In a bid to crack down on spam, content that "tricks or manipulates" viewers for likes, followers or comments will be ineligible for the FYP.

Anything with a visible watermark or logo, or QR code, is getting the chop, as well as "low quality content" such as "extremely short clips, static images, and exclusively-GIF based videos"—which could potentially spell the end of montages.

In a bid to promote original content, anything "imported or uploaded from TikTok, other platforms, or other sources including television, movies, or webcasts, [where] the user has not added new, creative edits" will be deemed unoriginal, and not on the FYP.

The changes were picked up by TikToker Sean, posting as @seansvv, who examined them in detail in a two-part series.

Sean said: "A few no-nos which are absolutely not acceptable on TikTok, any multi-level marketing, phishing or Ponzi schemes."

In a reference to the sexual content restrictions, the TikToker joked: "So if you're relying on the sweatpants imprint to get you views, that's not going to help you anymore, sorry."

The clip posted by Sean on Wednesday has already amassed more than 4 million views and can be seen here. His earlier video on the changes has been watched more than 1.6 million times. Newsweek has reached out to Sean for comment.

Many TikTokers have voiced their opinions on the changes, with Mouthy Medic joking: "Isn't TikTok 60 percent unoriginal content and 39 percent thirst traps?"

Chantellefen wrote: "They need to stop adding new guidelines and improve their reporting system. I've been banned so many times for sexual content for pictures of kitten."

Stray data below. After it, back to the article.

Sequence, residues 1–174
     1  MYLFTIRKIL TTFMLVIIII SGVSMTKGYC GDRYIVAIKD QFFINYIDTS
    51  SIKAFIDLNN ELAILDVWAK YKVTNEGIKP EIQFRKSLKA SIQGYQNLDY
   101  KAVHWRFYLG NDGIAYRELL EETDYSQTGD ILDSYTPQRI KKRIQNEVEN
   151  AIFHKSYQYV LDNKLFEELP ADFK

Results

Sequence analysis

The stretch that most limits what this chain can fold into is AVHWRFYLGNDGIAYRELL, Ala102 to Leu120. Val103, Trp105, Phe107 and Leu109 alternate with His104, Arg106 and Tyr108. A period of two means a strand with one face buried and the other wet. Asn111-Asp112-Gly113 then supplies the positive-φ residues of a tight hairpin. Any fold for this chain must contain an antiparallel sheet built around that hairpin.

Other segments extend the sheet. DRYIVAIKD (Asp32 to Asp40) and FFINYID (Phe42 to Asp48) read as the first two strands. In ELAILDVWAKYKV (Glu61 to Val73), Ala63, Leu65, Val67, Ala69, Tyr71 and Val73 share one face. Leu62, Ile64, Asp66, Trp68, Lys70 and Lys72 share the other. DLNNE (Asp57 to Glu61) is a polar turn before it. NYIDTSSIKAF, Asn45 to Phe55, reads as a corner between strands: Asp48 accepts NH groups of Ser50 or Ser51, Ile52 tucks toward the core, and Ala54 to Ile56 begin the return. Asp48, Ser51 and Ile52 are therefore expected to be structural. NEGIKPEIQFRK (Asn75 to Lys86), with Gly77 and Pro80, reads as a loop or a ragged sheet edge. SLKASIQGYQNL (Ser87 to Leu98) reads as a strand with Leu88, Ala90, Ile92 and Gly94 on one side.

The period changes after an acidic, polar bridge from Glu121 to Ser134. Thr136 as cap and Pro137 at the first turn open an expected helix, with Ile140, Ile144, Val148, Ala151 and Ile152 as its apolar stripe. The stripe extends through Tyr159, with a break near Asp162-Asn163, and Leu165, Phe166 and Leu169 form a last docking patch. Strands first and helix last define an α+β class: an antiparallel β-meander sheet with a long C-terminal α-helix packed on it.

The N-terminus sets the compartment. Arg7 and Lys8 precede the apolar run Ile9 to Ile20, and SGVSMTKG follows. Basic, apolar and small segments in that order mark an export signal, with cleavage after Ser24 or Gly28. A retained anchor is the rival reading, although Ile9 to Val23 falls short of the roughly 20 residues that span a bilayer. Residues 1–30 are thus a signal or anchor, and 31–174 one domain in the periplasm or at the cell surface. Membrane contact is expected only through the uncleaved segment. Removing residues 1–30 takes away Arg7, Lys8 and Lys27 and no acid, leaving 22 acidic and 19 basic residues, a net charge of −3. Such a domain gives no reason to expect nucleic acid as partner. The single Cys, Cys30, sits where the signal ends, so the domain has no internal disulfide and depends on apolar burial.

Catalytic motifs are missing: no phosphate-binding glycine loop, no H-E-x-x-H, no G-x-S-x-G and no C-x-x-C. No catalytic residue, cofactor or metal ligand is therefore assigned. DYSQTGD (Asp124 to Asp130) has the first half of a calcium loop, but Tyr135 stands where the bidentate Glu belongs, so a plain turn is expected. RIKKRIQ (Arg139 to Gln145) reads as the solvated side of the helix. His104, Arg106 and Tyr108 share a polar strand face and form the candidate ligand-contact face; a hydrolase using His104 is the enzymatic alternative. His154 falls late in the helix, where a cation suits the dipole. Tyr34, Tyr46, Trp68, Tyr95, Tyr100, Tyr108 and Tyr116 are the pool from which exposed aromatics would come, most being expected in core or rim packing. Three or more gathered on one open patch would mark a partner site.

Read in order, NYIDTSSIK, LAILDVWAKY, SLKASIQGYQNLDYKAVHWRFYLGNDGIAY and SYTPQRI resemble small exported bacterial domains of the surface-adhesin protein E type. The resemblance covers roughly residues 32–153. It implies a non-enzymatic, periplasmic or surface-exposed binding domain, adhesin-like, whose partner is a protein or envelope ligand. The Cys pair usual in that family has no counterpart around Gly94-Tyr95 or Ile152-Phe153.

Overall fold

Blue diamond kinnie pointed out: "But what if low quality content is my sense of humor."

Ashur G aid: "Bruhhh I'm so nervous the 'shock value' part is gonna kill my account- might have to get a bit more subtle with spooky stuff."

Sandysprosium thought: "Maybe they'll finally stop letting companies repost my videos as their ads."

Kelsey Childs asked: "What does this mean for the true crime creators?"

TikTok is one of the most downloaded apps in the world and has soared to stratospheric heights of popularity since its launch in 2017.

The video-sharing platform, owned by Beijing-based tech company ByteDance, came into its own over the COVID pandemic, with users able to post, edit, duet, stitch and share short clips. In 2020, it was downloaded 315 million times, according to Statista. This doubled to 656 million in 2021.

Some of its top-performing videos amass billions of views, which translate into a massive pay-out for the app's biggest stars. The graph below, provided by Statista, shows the biggest paid creators of 2021. The list is topped by Charli D'Amelio with earnings of $17.5 million.

Infographic: Payday for TikTok's Biggest Stars | Statista You will find more infographics at Statista

TikTok told Newsweek on Friday that users might not have opted in to see what it called "graphic content" on their For You feed, so it recommended that creators not post anything resembling gory wounds or scary effects.

File photo of TikTok app.
File photo of the TikTok app taken in 2020. Changes to the community guidelines have altered what will appear on the For You Page. Drew Angerer/Getty Images

Update 02/18/22, 10:50 a.m. ET: This article was updated to add a comment from TikTok.